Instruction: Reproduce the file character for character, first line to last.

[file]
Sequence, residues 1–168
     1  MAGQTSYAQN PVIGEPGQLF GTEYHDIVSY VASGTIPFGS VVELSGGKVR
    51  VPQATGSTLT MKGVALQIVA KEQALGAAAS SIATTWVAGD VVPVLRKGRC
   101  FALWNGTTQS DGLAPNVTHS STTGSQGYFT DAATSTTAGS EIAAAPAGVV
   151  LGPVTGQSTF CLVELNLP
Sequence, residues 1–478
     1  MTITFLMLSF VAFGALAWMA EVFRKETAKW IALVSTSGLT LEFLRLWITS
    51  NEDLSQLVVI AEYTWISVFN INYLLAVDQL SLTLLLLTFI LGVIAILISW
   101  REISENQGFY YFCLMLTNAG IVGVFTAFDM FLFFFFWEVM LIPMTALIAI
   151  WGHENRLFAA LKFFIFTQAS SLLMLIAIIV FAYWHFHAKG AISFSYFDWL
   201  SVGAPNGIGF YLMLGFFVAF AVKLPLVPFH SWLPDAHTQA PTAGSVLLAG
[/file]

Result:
Sequence, residues 1–168
     1  MAGQTSYAQN PVIGEPGQLF GTEYHDIVSY VASGTIPFGS VVELSGGKVR
    51  VPQATGSTLT MKGVALQIVA KEQALGAAAS SIATTWVAGD VVPVLRKGRC
   101  FALWNGTTQS DGLAPNVTHS STTGSQGYFT DAATSTTAGS EIAAAPAGVV
   151  LGPVTGQSTF CLVELNLP
Sequence, residues 1–478
     1  MTITFLMLSF VAFGALAWMA EVFRKETAKW IALVSTSGLT LEFLRLWITS
    51  NEDLSQLVVI AEYTWISVFN INYLLAVDQL SLTLLLLTFI LGVIAILISW
   101  REISENQGFY YFCLMLTNAG IVGVFTAFDM FLFFFFWEVM LIPMTALIAI
   151  WGHENRLFAA LKFFIFTQAS SLLMLIAIIV FAYWHFHAKG AISFSYFDWL
   201  SVGAPNGIGF YLMLGFFVAF AVKLPLVPFH SWLPDAHTQA PTAGSVLLAG